An unsuited throat for singing

Unfortunately, if the incisura of the thyroid cartilage is really visible, then that individual’s throat may not be suited for singing.

When the incisura of thyroid cartilage is visible, the thyroid cartilage and cricoid cartilage lean forward, causing (Larynx Deep Position) LDP. Noticeable symptoms would be feeling a lump, choking and/or coughing in your throat which absolutely obstructs singing.
Even if you do not have LDP, (in regards to the cricoid cartilage) if the cricothyroid articulation cannot move wide enough, as shown in the drawing below, it is difficult to let out a high and low pitched voice.

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The Sternohyoid muscle

The sternohyoid muscle is located under the skin, the subcutaneous fat and the platysma muscle.
The sternohyoid muscle is a very small, thin muscle. Its role is to push the hyoid bone down to support both vocalizing and swallowing.
If you touch the sternohyoid muscle with your finger, you can determine the origin and insertion in association with cricothyroid muscle. The origin is the fixed attachment, while the insertion moves with contraction.
The greatest characteristic of the sternohyoid muscle is the number of muscles it consists of, it usually has one on the left and another on the right side respectively.
However, the sternohyoid muscle sometimes has a different number (greater than two) of muscles on the left and right side in certain people.
Some people have several sternohyoid muscles from the origin and insertion, or some people have a sternohyoid muscle which branches to several other muscles in the middle.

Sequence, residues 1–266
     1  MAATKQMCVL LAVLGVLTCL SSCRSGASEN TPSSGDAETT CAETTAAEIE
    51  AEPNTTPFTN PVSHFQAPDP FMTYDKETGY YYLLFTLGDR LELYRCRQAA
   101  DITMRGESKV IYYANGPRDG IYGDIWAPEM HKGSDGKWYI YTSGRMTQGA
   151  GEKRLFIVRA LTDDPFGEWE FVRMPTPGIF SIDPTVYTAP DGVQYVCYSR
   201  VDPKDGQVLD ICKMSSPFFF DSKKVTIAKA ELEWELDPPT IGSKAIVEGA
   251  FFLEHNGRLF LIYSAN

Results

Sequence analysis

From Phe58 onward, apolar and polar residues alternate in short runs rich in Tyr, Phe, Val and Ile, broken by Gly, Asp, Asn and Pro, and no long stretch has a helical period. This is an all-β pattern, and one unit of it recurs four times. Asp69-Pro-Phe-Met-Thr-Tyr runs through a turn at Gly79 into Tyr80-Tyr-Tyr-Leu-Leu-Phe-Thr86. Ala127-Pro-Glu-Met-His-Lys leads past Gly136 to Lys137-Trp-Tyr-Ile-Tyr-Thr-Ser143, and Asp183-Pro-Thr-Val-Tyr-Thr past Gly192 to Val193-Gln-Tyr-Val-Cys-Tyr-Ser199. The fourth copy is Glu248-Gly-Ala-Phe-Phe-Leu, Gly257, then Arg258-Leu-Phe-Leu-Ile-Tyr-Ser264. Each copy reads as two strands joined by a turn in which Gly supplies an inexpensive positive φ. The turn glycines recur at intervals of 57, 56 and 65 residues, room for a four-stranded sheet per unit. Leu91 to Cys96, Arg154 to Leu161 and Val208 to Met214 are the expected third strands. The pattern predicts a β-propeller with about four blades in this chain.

However, the sternohyoid muscle doesn’t affect an individual’s vocalizing or swallowing so much. So, it doesn’t matter how many total sternohyoid muscles you have eventually.
Even if you have laryngeal surgery or thyroid gland surgery and are not able to move the sternohyoid muscle properly, you should still be able to let out your voice or eat food.

Note:I often hear vocal coach’s say to vocal trainees, “Please focus on the sternohyoid muscle and the thyrohyoid muscle when you are singing, because these muscles are important for vocalizing.” Personally I believe that the sternohyoid muscle is ‘NOT’ necessarily needed for singing, and
additionally, it is impossible to train the sternohyoid muscle.
In fact, I know some singers that can still sing a song with a beautiful voice, after excising the sternohyoid muscle and/or the thyrohyoid muscle after thyroid gland surgery.
However, if you have a deep scar or adhesion on the soft tissues after surgery, I recommend you rest to heal it as well as treat it immediately. Otherwise, it will affect other muscles negatively and depress the performance of your singing.